About the investigation
In Madrid in 2013, authorities sold more than 4,800 homes, originally intended as affordable housing, to companies controlled by American investment funds. After the sales, conducted with very little publicity, one of these new ‘corporate landlords’, American giant Blackstone, greatly increased the rents – in some cases by doubling them over a period of three years. Many tenants ended up being evicted.
In Dublin, in May 2019 a representative of another ‘corporate landlord’ forced his way into a flat and caused extensive damage inside. The tenants said that the company had been trying to make them leave since it had bought the building the year before.
In Lisbon, in 2017, two companies bought a building for 2.7 million euros and shortly after put it up for sale for 7 million as an “unoccupied” building, when in reality there were 12 families living there.
In Paris, London, Copenhagen and Berlin, tenants in homes owned by Swedish company Akelius have been complaining for years of abusive practices by their ‘corporate landlord’. In 2020, even the UN Special Rapporteur on the right to housing said that Akelius was abusing its tenants’ human rights.
In those and other cities across Europe, for years conversations have been often revolving around how hard it is to find an affordable and decent home to live in. And now the Covid-19 pandemic has made even clearer how important it is to have a proper home. Studies in the UK and France have shown that overcrowded homes, areas with very little social housing and the number of homeless people living in temporary accommodation all correlate with higher mortality rates due to Covid-19.
Everyone needs a home, and high demand for rental flats across European cities has contributed to make housing a very attractive investment – so much so that the total investment into residential real estate in Europe has increased more than 700% between 2009 and 2020, from 7.9 to 66.9 billion euros, according to data by Real Capital Analytics.
Where is all that money coming from? Who are the companies and investors buying so much housing across Europe? How does this phenomenon affect people’s lives and homes in European cities?
During a period of more than seven months, a team of over 25 investigative and data journalists and visualisations experts from 16 European countries, have been working on the cross-border collaborative project Cities for Rent: Investigating Corporate Landlords Across Europe.
We wanted to find the data and visualise these developments, and document their effects on our cities and in people’s lives. We found that since the financial crisis international investment funds and housing corporations have been buying up homes across European cities. And there are different critical issues connected to this.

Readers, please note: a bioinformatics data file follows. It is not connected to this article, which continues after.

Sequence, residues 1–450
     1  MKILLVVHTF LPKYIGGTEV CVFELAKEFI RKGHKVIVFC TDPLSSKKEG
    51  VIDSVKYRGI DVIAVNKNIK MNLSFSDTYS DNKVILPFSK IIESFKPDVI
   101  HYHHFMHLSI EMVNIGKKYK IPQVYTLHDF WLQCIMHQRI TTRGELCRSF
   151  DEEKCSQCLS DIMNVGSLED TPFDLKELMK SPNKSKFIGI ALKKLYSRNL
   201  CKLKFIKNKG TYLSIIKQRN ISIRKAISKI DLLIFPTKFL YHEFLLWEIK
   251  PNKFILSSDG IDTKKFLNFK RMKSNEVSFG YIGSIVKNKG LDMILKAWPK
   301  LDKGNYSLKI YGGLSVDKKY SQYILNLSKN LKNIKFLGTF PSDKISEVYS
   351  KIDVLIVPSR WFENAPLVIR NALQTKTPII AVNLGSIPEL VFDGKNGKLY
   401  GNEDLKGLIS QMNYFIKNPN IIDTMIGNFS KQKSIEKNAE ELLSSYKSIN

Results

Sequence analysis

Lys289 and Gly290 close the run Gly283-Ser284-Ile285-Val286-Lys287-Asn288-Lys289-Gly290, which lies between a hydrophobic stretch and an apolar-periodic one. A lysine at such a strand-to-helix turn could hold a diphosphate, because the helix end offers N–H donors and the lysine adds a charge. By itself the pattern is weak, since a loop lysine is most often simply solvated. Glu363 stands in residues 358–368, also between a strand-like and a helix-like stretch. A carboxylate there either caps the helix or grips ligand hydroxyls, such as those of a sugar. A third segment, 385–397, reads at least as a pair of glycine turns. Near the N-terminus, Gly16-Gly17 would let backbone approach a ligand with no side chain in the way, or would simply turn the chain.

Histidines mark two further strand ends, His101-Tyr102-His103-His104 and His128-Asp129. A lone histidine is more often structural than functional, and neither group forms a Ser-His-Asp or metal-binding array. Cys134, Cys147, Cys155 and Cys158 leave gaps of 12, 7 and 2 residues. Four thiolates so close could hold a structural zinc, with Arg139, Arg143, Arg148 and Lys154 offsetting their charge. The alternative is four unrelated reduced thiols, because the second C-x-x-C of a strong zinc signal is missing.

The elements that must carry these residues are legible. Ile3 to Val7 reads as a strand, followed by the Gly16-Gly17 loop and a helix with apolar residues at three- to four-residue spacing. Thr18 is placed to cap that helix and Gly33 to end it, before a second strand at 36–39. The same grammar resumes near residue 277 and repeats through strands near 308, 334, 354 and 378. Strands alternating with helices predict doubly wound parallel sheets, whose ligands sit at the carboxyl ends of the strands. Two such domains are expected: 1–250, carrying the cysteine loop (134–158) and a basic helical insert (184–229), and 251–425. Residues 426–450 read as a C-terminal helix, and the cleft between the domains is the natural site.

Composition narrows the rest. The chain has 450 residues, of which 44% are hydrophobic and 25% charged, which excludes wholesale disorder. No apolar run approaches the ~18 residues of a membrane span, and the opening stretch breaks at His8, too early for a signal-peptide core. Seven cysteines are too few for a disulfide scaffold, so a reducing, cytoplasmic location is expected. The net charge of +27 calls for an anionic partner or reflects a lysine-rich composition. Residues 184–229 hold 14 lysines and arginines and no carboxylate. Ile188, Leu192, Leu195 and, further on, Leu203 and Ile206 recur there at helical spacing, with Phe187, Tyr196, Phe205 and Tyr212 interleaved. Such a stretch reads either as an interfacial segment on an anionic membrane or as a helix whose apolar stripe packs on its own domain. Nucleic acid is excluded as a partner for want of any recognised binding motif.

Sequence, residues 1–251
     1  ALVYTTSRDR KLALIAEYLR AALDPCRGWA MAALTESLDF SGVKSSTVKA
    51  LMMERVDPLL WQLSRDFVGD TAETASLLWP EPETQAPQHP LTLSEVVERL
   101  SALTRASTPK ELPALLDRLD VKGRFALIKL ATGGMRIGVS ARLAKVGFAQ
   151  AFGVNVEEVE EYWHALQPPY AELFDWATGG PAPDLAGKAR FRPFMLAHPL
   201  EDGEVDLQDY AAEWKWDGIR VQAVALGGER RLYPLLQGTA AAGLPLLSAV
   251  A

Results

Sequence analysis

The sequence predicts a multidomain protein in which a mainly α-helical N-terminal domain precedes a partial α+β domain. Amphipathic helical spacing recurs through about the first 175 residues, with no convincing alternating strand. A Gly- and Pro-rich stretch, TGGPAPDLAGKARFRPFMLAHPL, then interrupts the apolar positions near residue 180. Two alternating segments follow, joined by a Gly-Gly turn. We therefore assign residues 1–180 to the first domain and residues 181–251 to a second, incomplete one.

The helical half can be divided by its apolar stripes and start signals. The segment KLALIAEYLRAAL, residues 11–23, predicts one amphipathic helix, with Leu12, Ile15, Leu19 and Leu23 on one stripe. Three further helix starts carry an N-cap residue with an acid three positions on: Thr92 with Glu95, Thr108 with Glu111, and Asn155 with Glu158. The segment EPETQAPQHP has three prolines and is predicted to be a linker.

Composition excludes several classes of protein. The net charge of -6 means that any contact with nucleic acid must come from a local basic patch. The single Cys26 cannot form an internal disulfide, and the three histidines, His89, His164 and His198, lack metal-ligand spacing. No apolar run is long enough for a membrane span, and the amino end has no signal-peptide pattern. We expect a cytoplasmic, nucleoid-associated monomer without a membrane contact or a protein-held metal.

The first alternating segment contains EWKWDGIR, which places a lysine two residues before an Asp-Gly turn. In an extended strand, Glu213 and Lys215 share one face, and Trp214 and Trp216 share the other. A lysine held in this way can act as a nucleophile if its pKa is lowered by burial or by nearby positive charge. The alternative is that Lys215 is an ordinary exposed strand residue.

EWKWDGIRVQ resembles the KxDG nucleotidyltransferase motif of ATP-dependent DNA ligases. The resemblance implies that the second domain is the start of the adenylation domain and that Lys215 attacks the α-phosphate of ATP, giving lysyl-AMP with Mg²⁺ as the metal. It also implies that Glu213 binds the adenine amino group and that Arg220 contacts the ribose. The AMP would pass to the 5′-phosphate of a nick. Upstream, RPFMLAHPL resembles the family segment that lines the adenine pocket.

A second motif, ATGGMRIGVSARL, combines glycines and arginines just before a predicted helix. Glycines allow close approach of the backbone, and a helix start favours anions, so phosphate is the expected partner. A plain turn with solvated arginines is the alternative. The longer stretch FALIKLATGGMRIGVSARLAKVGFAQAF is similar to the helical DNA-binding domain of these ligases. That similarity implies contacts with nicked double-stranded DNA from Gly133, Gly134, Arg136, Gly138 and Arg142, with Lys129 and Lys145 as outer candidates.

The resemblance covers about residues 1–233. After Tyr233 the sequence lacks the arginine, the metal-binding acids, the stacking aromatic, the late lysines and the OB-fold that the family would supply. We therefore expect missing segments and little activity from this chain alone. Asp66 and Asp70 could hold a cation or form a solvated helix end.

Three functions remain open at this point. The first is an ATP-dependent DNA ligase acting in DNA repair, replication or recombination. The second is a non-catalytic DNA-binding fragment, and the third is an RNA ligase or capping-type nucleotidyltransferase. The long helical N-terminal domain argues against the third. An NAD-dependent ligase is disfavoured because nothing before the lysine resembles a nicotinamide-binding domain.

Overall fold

Reports of negligence and of abusive tactics by ‘corporate landlords’ are consistent in most of the cities researched. Tenants complain about Blackstone in Madrid and in Amsterdam. About Akelius in Paris, London, Copenhagen and Berlin. About Heimstaden again in Berlin and also in Ostrava –in the Czech Republic–. We heard the same stories in Lisbon and Dublin and in other cities.
In Norway, the biggest private landlord, Fredensborg, pays only around 2,500 euros annually in property tax despite owning owning 3.600 rental flats in Oslo. And while generally real estate investment trusts (REITs) enjoy quite favourable tax incentives across Europe, we found signs that in Milan, Copenhagen and other cities ‘corporate landlords’ may be engaging in tax avoidance tactics.
‘Corporate landlords’ are also increasing their presence in cities like Zurich, Vienna and Prague. The absence of data in places like Lisbon makes it almost impossible to know how many homes those kinds of companies have acquired. In Athens, the lack of an online property registry makes it almost impossible to find out the detailed consequences of the huge Greek economic crisis, where thousands of homes are being publicly auctioned as people can’t pay for them.
We found that often local governments themselves don’t know much about the precise situation in their cities, and lack proper data about the investment flows into the rental estate markets. We confirmed this worrying trend: lack of data availability and accessibility, and of comparable data across cities, means there is still much to research and to find out if we want to have a properly informed public conversation about housing markets across Europe.
Cities for Rent: Investigating Corporate Landlords Across Europe, should be the first step towards more cross-border collaborative research into the crisis of housing affordability and how it affects people’s lives.